Wednesday, July 20, 2016

Triplets are a mixed blessing

Sonatina with her triplets about 8 hours after they were born.

 While triplets are not uncommon for Shetland sheep, they are not an everyday occurrence.  Sonatina is a deep bodied girl in great body condition and as the days ticked with everyone dropping lambs around her, she continued to balloon in size.  I jokingly said, “She is so big she could have triplets in there” and all the while not really saying it with much conviction.   I did my final barn check one night to fine her nesting in the corner of the common area and decided to put her in a jug because delivery seemed to be imminent.  I had added cameras to the outside and inside of the shed this year so I kept watch from the house until I saw that a lamb become visible.  I headed to shed and there was this very tiny black krunet sokket ewe lamb being cleaned off.  I was thrilled to have such a lovely ewe lamb, but was really puzzled by how tiny she was considering Sonatina’s size!   I got comfortable in my chair and waited for the next lamb to appear and after about 15 minutes I saw more white hooves emerging and a very large wildly spotted grey Katmoget ewe was out in record time.  I thought to myself that now the first lamb made sense because this girl was huge.
As I watched her take care of the lambs, I suddenly realized there wasn’t a water bag that followed that last ewe lamb out and that I was either going to have to call the vet or there was another lamb coming.  Sonatina didn’t even lay down for the last lamb, she barely even had contractions when a small water bag appeared and just hung there with this tiny lamb in it.  It only took me a few moments to realize that he was in trouble if I didn’t break that water bag, and with quite a lot of effort I finally got it open and one of the tiniest lambs I’ve ever seen was out.  This little guy was about 2.5#’s, a fawn kat with wild spotting and he was weak and chilling fast.  I scrambled around for heat lamps, a pole to hang a lamp, an extension cord, more towels to dry him and a few boards and panel to block drafts.  It took about 45 minutes for the little guy to get warmed up and then he was up and looking for food!!  I was thrilled because 10 minutes after he was born he couldn’t even lift his little head.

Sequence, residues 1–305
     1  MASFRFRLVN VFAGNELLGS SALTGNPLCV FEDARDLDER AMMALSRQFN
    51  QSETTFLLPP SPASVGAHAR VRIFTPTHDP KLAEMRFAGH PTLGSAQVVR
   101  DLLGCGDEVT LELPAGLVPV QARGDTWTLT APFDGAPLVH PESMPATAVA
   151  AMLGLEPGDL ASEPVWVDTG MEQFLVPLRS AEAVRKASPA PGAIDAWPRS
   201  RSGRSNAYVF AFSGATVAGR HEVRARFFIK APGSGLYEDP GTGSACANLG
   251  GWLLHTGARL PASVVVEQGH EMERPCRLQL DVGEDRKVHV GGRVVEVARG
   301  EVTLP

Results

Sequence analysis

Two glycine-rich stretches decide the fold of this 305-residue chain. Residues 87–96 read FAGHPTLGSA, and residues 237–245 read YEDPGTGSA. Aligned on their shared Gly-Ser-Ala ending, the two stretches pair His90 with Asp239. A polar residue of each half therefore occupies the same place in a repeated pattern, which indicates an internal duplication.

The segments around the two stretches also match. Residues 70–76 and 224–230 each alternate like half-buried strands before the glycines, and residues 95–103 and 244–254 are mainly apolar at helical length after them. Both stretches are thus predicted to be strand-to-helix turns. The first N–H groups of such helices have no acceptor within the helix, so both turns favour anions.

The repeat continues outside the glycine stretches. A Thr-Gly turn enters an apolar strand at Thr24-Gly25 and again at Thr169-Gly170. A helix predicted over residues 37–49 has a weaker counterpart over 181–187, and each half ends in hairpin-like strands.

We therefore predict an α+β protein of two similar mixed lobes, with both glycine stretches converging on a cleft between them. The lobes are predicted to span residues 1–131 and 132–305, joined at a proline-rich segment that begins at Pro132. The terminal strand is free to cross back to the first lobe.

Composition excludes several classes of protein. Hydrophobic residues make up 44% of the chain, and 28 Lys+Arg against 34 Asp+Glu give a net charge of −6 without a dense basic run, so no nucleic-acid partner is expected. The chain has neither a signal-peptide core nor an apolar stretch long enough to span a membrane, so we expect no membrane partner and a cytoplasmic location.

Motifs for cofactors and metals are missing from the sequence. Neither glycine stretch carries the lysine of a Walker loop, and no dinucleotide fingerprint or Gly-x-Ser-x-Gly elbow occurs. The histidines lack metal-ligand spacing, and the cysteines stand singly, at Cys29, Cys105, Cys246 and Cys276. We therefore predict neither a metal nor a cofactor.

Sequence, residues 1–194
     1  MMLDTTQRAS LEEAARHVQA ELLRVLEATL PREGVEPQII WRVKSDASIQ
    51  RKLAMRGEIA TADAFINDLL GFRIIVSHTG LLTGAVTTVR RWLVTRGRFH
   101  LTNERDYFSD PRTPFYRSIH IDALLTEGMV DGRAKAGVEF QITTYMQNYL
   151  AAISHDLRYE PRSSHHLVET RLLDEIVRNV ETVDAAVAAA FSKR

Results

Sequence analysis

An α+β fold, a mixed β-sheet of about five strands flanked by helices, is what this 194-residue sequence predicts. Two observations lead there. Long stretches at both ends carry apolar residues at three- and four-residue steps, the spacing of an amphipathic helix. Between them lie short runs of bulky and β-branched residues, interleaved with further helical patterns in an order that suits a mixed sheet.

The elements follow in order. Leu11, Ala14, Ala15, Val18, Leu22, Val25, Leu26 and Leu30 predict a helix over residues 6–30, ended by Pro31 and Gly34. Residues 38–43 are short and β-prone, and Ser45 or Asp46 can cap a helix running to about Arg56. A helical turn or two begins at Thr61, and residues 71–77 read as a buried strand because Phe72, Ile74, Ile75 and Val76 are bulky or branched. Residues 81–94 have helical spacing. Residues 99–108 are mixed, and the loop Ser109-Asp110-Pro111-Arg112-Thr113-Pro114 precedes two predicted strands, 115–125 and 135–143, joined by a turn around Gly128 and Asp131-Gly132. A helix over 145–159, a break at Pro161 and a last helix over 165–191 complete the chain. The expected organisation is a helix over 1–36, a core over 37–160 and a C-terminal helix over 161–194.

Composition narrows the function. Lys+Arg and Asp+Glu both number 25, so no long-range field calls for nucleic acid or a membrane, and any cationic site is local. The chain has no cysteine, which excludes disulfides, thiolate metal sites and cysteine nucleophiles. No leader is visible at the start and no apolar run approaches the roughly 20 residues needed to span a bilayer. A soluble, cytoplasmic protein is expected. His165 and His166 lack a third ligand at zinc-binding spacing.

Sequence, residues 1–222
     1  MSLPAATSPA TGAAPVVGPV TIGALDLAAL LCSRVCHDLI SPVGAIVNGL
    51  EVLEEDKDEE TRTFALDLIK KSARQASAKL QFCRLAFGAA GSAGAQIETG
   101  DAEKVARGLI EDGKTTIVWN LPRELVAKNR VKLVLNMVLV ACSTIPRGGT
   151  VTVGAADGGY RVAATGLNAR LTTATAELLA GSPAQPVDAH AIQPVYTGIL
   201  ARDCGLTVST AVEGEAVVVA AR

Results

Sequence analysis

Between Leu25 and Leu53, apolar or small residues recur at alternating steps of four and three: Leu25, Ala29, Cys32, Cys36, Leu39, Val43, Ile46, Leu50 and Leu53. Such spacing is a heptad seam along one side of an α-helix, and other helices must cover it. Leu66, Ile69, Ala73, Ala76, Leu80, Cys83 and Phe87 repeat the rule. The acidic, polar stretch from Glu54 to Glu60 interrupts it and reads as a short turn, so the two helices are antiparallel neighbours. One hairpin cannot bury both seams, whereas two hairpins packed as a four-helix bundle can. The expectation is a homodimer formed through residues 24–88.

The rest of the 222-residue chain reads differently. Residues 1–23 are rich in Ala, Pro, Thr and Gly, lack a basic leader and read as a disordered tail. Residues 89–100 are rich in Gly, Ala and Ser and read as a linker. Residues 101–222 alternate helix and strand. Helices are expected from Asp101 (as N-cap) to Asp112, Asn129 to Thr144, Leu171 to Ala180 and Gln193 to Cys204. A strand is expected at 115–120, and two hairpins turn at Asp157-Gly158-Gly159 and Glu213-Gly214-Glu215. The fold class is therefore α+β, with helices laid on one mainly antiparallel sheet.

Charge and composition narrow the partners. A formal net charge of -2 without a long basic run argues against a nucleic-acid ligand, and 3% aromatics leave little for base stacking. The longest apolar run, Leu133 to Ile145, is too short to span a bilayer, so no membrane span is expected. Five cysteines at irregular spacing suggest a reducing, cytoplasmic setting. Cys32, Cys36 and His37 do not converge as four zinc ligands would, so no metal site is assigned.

After a lot of failed attempts, the little fella was finally nursing and I could breathe a sigh of relief.  I had given all 3 a couple shots of Nutri Drench, so they were all bouncing around by the next morning like they didn’t have a care in the world.  They are now growing like weeds and you’d never know that the ram and that first ewe were ever that much smaller than their large sister at birth. 

Sonatina is a perfect example of a  ewe with great mothering instincts and still has plenty of milk for 3 lambs, (says this grateful shepherd) and I am very happy to report that all 3 have amazing tight, crimpy fleeces and lovely birth coats. 
Below is a photo of Lynx, the tiny ram that was last of the triplets born, warming under the heat lamp. 
And here are the triplets about after a few weeks of being taken care of by a fantastic Shetland ewe.  
Right to left: Lynx, Leda and Larissa 

As you can see, there are no signs of these lambs not getting enough nutrition, so this ewe will be sticking around in my flock for a while, she exhibits everything that I want to see in a Shetland ewe.   Sonatina has definitely earned her keep here for the foreseeable future. 
Kelly K. Bartels
OK Acres Shetlands

Monroe, WI  

Mike and I

Mike and I
Mike and I at Nick and Emily's wedding

Raised beds & chickens coops

Raised beds & chickens coops
Can't wait for this stuff to actually be food....